Michael Rawdan, Senior Director of Revenue Cycle and Patient Experience at St. Luke’s Health System, talked at the HIMSS Revenue Cycle Summit about the many steps St. Luke’s is taking to transform the patient financial experience.
He started by explaining that St. Luke’s is a large player (around $3bn NPR) in a small market (south/central Idaho) that has been nationally recognized, by Truven and others, for the quality of its clinical excellence and outcomes.
Michael described the patient financial experience as any interaction of a financial nature related to the care of a patient. And he described how St. Luke’s measures their performance in delivering this experience, by combining data and survey input from mailed questionnaires, call center Q&A, feedback requests in the VisitPay application (branded St. Luke’s BillPay), and on the St. Luke’s billing landing page.
Starting to Measure Patient Satisfaction
The St. Luke’s journey began in 2015 when only 28% of patients awarded “top box” in satisfaction with their financial experience. To laughter from the room, Michael commented that their CFO asked, “Are you sure you wanted to measure that?” when he saw the results.
But this realization kicked off an important set of parallel efforts across St. Luke’s to raise satisfaction with the experience. Michael explained that they followed a combination of internal applications and improvements, and approaches undertaken with partners like VisitPay. He stressed that there’s no silver bullet and outlined the range of steps taken by St. Luke’s in the last few years.
St. Luke’s focused on the call center to begin with. After all, the call center was on the front end of most patient contact. Michael’s team worked hard on staffing improvements to reduce call abandonment rates and improve call quality.
An Analytical Foundation to Patient Engagement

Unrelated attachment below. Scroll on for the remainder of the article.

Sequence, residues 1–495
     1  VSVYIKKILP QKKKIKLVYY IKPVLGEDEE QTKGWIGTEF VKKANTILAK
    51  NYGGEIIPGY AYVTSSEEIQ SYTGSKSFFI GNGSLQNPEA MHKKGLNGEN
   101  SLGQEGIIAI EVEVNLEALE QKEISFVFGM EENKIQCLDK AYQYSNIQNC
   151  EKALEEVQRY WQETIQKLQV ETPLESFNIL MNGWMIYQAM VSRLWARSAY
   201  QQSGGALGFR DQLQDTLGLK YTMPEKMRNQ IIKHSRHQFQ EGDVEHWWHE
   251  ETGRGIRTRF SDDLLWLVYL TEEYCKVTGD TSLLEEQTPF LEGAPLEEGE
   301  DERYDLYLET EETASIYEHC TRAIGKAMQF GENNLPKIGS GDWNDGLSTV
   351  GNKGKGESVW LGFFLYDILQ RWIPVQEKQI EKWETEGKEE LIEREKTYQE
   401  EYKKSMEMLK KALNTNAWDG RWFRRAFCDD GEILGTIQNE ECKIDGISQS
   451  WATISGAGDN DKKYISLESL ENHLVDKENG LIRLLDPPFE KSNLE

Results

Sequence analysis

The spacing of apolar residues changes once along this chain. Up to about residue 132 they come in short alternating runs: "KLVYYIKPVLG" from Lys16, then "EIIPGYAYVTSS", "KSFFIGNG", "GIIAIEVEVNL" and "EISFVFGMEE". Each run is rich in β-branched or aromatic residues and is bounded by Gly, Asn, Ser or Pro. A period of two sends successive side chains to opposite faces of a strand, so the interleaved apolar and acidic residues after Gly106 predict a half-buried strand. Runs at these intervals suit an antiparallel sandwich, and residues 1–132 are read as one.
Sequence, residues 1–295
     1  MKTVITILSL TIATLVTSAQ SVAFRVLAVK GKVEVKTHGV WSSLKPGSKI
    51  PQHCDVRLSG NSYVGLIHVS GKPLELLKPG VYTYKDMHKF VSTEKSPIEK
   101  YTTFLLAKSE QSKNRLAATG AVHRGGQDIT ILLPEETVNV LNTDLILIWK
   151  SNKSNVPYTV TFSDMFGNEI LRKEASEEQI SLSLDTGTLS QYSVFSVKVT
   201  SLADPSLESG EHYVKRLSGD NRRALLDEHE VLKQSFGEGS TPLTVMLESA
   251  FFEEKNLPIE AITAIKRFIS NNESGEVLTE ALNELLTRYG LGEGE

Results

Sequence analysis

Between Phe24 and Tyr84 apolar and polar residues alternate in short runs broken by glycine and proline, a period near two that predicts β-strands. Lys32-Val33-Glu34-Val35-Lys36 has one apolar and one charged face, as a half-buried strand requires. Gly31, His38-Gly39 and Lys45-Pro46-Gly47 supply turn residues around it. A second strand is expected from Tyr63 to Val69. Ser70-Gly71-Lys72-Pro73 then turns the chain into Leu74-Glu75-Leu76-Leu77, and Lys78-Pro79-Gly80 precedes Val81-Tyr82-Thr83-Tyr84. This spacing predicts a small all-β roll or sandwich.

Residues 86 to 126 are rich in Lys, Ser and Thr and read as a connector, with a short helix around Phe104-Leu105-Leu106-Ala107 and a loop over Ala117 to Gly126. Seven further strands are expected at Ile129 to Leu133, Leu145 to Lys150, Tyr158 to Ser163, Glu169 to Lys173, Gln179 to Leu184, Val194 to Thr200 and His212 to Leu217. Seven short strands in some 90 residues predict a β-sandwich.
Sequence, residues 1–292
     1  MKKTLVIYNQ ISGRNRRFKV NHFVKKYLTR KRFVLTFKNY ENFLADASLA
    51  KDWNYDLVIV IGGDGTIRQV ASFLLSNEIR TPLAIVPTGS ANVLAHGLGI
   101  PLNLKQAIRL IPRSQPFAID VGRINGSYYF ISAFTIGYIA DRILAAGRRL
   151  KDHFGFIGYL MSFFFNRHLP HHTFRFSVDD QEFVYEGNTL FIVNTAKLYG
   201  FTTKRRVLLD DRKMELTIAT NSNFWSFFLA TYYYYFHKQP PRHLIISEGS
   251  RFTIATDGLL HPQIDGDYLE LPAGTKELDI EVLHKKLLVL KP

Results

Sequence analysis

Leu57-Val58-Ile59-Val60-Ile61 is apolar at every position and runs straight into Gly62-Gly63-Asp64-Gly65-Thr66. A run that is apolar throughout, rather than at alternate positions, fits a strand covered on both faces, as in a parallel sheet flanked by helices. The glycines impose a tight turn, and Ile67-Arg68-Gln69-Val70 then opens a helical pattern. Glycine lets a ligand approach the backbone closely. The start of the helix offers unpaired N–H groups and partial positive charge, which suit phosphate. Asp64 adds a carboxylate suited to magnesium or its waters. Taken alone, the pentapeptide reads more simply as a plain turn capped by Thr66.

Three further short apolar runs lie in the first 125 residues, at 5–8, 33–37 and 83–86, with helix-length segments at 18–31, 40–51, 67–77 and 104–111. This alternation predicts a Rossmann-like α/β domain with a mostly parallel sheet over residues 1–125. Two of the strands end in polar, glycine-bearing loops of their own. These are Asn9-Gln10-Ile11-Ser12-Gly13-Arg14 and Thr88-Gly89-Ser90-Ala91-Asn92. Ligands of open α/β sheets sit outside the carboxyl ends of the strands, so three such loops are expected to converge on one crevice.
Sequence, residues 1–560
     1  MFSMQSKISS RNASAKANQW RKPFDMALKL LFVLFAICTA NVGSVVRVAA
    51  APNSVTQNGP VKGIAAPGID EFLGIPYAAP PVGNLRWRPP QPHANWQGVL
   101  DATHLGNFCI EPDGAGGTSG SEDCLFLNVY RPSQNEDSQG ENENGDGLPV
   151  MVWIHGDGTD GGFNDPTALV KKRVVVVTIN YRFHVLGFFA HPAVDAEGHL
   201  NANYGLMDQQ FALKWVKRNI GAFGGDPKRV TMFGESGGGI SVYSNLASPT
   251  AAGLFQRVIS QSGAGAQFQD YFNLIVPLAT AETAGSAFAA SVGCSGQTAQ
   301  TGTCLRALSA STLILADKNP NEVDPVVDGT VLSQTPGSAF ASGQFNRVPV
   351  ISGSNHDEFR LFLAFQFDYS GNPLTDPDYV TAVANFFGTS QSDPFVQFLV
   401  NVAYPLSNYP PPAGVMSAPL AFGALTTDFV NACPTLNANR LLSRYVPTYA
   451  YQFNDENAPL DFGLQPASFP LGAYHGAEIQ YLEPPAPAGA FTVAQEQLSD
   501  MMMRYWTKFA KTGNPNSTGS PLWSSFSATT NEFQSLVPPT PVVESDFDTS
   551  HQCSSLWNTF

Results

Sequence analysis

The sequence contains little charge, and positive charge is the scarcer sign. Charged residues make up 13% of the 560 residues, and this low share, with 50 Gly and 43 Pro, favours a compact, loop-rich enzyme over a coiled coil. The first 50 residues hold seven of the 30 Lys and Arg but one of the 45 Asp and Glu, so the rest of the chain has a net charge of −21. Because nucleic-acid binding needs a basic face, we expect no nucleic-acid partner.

But they also worked with VisitPay to build an analytical approach to help engage with patients in the call center. He commented that St. Luke’s now treats patients differently based on the results of this analysis. By making sure the agent has the right information and the right script they are able to tailor the patient experience in the right way based on St. Luke’s understanding of the financial needs of the individual consumer. This raises satisfaction and improves efficiency, the twin goals that were discussed in many sessions through the day.
Michael also shared the progress St. Luke’s has made around “charity quickness,” describing how his team dramatically rethought the charity eligibility process to reduce approval times. He explained that St. Luke’s has a material number of charity-eligible patients that previously may have waited months for eligibility confirmation. By completely rethinking the approach, they removed a barrier to care for those who need it and have limited options.
Implementing VisitPay for Patient Payments
Discussing St. Luke’s implementation of VisitPay, he described it as “a very strong win.” He noted that three-quarters of the patients that pay bills at St. Luke’s are female and discussed how “mom” is frequently the financial head of household in terms of managing and coordinating healthcare payments for everyone in the family, something that VisitPay makes very straightforward. But he stressed that their payment platform needs to manage multiple patient types at multiple stages of life.
He also discussed how the VisitPay application allows St. Luke’s to offer longer-term financing. Today St. Luke’s offers up to three years, with interest to cover their cost of capital. But longer terms are on the table in response to patient need. And this is leading St. Luke’s to investigate ways of keeping patient obligation both on their own balance sheet and off it. But he stressed this needs to be a seamless experience for the patient. In Michael’s view, patients don’t want the experience of paying a third party. They want a provider-based experience because that is who delivers their care, and that is the institution with which they have an ongoing relationship.
Positive Results and Three Key Learnings
In conclusion, Michael shared some results. He was clear in stating that a positive financial experience sets the foundation for better clinical care. The revenue cycle function should be doing everything it can to reduce patient stress and concern.
St. Luke’s has reported a 38% improvement in self-pay collections by month over the last 16 months. And over the same period has seen a 21% reduction in cost per dollar collected across the revenue cycle. And patient satisfaction? They are now scoring 51% top box satisfaction and they’re gunning for 70-75%.
Michael ended with three key learnings from his experience:
- Financial experience matters. Patients are starting to vote with their wallets. Start by understanding your patients and ask them what matters.
- A combination of efforts is required to make the revenue cycle more consumer-centric. There is no silver bullet.
- Health systems need to decide what they’re going to be good at and where they should bring in outside experts.
Here at VisitPay we’re proud to be part of the journey and the extended St. Luke’s team.